While teaching college writing courses years ago, I remember hearing a syllogism that may, it strikes me now, help explain the enormous popularity of the personal memoir. It went something like this: “You write best when you write about what you know; what you know best is yourself; therefore, you write best when you write about yourself.” As a syllogism, this seemed valid: the conclusion followed logically from its premises, no? So why didn’t I then receive better essays when I assigned personal topics?
As anyone can see, the conclusion rests on dubious assumptions. The premises sound reasonable, but they raise some fundamental questions. Do people really write best about the subjects they know best? We see evidence all the time of experts not being able to communicate the basic concepts of their professions, which explains why so many technical books are written by both an expert and a writer. There are brilliant academics so committed to their vast research that they can’t bear to part with any detail and thus clog up their sentences with an excess of information. If a little knowledge is a dangerous thing, too much can sometimes be an impediment to clear and robust expression. The Shakespeareans do not always write the best books on Shakespeare.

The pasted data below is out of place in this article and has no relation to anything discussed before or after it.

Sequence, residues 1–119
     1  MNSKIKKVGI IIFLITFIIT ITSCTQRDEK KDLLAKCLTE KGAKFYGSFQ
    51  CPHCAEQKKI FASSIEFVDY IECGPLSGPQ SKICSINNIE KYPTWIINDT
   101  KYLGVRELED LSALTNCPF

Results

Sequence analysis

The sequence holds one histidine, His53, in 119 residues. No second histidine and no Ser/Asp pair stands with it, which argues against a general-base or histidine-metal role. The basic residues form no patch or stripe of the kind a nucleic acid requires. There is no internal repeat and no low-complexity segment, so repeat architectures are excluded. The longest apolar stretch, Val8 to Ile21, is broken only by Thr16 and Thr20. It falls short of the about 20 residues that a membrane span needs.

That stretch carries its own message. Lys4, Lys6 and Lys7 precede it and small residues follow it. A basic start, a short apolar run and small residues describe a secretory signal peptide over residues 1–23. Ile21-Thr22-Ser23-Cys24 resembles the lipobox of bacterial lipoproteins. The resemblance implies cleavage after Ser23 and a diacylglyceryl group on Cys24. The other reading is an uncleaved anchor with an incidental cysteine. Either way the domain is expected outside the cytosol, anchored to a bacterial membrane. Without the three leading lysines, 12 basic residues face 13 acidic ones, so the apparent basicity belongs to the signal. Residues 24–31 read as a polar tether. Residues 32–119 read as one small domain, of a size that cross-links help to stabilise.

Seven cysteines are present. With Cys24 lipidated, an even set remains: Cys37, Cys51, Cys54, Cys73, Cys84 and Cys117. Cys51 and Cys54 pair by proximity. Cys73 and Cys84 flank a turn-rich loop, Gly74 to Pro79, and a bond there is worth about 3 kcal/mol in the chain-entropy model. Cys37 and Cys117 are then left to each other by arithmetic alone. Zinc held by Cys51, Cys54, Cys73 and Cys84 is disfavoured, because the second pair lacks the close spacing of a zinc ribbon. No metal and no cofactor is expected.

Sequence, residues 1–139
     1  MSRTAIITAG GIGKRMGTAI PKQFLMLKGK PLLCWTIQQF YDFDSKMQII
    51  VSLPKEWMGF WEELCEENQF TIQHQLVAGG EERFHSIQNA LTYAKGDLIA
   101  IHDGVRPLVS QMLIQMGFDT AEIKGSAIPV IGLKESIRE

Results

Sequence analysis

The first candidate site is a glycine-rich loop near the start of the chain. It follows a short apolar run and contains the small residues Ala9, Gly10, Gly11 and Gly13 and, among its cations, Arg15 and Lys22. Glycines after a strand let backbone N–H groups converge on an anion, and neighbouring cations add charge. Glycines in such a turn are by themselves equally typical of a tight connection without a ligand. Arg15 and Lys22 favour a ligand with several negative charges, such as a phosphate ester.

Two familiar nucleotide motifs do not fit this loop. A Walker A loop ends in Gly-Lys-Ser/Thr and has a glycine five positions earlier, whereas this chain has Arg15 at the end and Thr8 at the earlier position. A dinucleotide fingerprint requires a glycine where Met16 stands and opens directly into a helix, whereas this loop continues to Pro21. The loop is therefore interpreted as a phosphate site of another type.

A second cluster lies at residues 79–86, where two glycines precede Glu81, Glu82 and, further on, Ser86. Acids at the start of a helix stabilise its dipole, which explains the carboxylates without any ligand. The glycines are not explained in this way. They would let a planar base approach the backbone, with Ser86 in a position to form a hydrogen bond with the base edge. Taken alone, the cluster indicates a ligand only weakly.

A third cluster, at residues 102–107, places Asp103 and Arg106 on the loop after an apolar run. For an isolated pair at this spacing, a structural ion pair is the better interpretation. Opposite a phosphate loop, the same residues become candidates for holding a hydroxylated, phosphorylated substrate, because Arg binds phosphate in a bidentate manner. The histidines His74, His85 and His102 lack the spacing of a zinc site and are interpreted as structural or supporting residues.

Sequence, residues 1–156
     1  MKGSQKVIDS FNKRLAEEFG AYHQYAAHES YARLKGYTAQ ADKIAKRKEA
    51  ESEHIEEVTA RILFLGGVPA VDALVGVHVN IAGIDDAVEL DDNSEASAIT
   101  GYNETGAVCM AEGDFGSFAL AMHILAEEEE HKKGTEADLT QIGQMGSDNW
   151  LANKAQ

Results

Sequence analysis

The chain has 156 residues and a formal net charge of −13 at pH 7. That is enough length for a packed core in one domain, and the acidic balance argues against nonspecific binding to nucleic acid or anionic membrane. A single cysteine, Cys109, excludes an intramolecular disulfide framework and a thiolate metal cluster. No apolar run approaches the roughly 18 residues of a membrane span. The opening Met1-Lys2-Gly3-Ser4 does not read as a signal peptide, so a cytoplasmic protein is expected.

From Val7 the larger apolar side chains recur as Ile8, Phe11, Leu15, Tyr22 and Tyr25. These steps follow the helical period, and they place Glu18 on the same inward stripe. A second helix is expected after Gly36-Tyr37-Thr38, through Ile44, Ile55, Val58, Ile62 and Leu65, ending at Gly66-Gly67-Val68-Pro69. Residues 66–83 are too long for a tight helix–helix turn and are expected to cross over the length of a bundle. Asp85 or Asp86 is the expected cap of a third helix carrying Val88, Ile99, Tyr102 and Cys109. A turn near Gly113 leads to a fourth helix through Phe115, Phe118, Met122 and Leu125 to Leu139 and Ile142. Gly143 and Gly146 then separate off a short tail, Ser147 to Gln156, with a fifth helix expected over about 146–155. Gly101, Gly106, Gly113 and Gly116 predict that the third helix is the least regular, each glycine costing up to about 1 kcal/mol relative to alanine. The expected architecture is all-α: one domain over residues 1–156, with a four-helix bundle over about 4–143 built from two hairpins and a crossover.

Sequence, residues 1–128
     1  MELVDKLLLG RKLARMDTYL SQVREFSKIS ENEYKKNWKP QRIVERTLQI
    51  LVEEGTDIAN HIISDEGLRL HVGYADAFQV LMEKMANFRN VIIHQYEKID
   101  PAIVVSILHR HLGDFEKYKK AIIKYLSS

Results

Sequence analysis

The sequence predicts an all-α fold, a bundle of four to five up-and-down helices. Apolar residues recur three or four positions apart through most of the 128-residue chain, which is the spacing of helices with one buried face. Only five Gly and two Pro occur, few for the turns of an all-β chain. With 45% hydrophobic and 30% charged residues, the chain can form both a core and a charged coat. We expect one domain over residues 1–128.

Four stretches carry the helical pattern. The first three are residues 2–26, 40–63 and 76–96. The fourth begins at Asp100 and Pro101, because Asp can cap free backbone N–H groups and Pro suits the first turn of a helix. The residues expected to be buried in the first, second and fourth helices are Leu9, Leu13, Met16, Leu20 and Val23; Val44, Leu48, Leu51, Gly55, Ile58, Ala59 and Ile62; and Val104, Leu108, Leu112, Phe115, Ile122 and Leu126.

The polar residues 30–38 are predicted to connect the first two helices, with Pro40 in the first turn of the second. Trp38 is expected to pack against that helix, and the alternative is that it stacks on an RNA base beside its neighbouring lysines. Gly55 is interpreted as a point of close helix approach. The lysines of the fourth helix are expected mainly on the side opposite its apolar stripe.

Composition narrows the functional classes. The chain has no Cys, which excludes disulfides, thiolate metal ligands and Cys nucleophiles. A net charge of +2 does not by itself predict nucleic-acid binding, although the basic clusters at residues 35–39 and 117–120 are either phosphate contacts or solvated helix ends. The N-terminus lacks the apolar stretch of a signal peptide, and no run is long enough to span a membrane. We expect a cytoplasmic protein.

And can we also safely conclude that we know ourselves best of all? If so, then why do so many of us spend so much time in psychotherapy or counseling sessions? Surely, the pursuit of the self -- especially the “hidden” self -- has been a major twentieth- century industry. Self-knowledge, of course, confronts us with another logical problem: how can the self be at the same time the knower and the known? That’s why biographies can be so much more revealing than autobiographies. As Dostoyevsky said in his Notes from Underground: “A true autobiography is almost an impossibility . . . man is bound to lie about himself.” Yet the illusion that we do know ourselves best must serve as both comfort and inspiration to the new wave of memoirists who seem to write with one finger glued to the shift key and another to the letter I, which on the keyboard looks nothing like it does on the page, thus appropriately symbolizing the relationship between that character and the “self” it presumes to represent. Today’s writers’ market is flooded with autobiography -- now more likely to be labeled “memoir” in the singular, as though the more fashionable literary label promises something grander. Memoirs (the term was almost always used in the plural) were customarily written by public figures who recorded their participation in historical events and their encounters with other prominent individuals. General Ulysses S. Grant’s two-volume Personal Memoirs (1885-86) were bestsellers. The old memoirs were penned by well-established individuals in the twilight of their careers; the new memoir is frequently the work of an emerging writer aspiring to be well established.